Israel is not a normal country

Let’s face it. Israel is not a normal country.

We cut each other off on the highway, but will help a total stranger carry her baby carriage onto the bus.

And we will steal your parking space at Azrieli, but will pay for your coffee when you’re five shekels short.

We scream at our neighbor because her dog peed on our lawn, but we will be the first over with a basket of food when her mother dies.

We cheat on our taxes, but give to charity.

We are cynical. We are optimists.

We litter in the park, but plant trees.

We draw lines. But reach across them.

We can be assholes. We can be brash. We can be rude but we will bring down joy with tambourines and timbrels, and we will join hands and dance the Hora with total strangers.

We have all grieved over someone killed horrifically and violently – a parent, or a lover, or a friend, or neighbour, or God forbid, a child. And this place is so small, so close, so FRAUGHT that even if we haven’t felt it touch our flesh, we feel it, and you can see it in our eyes when the news broadcaster announces “a bus has blown up in Talpiot.” “There has been a car ramming at Pisgat Ze’ev.” There has been a shooting in Tel Aviv.” “A young girl was stabbed to death in her bedroom in Kiryat Arba.”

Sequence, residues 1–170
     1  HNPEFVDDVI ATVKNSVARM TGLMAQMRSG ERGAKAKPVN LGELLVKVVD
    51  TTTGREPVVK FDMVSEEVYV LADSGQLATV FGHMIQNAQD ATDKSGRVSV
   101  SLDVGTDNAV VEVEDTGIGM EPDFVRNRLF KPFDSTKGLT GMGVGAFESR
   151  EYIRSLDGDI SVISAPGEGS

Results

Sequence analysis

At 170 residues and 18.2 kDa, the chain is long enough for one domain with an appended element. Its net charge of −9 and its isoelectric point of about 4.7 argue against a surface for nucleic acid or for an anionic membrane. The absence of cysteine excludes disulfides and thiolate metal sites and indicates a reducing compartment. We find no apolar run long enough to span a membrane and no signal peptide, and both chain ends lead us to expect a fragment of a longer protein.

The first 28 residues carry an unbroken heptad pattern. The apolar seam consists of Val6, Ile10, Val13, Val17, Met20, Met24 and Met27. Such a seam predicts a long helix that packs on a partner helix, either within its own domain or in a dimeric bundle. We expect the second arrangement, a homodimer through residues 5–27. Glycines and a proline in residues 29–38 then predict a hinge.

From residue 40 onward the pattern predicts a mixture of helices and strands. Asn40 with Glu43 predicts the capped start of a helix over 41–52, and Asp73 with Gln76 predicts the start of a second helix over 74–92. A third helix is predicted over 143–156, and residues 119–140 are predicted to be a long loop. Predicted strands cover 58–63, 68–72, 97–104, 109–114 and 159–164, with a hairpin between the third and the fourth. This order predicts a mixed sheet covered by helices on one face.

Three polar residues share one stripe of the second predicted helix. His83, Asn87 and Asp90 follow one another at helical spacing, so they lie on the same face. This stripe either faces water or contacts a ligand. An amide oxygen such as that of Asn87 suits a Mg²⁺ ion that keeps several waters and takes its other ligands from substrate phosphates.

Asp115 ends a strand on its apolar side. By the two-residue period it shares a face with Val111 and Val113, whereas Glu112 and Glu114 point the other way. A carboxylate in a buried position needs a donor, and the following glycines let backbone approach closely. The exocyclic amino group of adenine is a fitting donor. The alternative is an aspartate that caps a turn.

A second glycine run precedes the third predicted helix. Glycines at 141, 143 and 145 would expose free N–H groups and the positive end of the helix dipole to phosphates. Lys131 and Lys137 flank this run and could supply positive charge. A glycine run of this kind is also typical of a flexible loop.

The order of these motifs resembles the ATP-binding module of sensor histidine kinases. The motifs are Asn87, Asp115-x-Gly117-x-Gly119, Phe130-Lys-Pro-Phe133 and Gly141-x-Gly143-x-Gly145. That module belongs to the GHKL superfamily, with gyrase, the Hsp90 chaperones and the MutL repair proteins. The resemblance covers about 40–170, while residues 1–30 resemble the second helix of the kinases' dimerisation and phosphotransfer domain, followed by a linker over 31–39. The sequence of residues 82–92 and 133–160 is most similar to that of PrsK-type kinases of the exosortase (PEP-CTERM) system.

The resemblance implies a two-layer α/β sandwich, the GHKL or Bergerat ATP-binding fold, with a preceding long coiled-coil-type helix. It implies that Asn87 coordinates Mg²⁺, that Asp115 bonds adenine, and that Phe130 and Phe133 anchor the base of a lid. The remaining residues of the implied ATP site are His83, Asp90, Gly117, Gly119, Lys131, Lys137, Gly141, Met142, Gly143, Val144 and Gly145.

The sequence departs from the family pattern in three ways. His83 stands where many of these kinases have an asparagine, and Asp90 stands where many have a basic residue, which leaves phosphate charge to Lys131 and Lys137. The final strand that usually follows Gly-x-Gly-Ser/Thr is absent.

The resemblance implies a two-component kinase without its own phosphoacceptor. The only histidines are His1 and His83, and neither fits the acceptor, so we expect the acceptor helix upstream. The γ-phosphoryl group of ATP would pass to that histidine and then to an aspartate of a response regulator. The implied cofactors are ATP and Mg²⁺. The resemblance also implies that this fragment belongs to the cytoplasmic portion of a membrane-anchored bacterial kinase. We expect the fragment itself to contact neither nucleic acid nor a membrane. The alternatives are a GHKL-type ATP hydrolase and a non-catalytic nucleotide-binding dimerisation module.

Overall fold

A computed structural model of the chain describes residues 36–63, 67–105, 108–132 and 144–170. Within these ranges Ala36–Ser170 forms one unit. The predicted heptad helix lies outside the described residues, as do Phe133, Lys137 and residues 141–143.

And it’s true, we are a strong and mighty nation, but we have never known a day of peace since we came into being – and we are panic stricken, guilt ridden, and that fear does something to us and you can see it on the roads and in our lines and in our homes and when we vote.

We are fucked up and PTSD-riddled, angsty, angry, handwringing, nail biting people.

But still, we stay out all night and swim in warm sea water, or argue with our friends on crowded corners, or drink whiskey until sunrise or dance until our feet hurt and then stop for a minute and keep on dancing… we chose life with our arms and eyes wide open.

We are full to brimming.

We are not a normal country.

We are in pain at times, but joyful still. We make mistakes, and struggle, and defend. But we keep on moving on that spiral through history because this is where we are meant to be, and we are a miracle.

About the Author
Sarah Tuttle-Singer, Times of Israel's New Media editor, lives in Israel with her two kids in a village next to rolling fields. Sarah likes taking pictures, climbing roofs, and talking to strangers. She is the author of the book Jerusalem Drawn and Quartered. Sarah is a work in progress.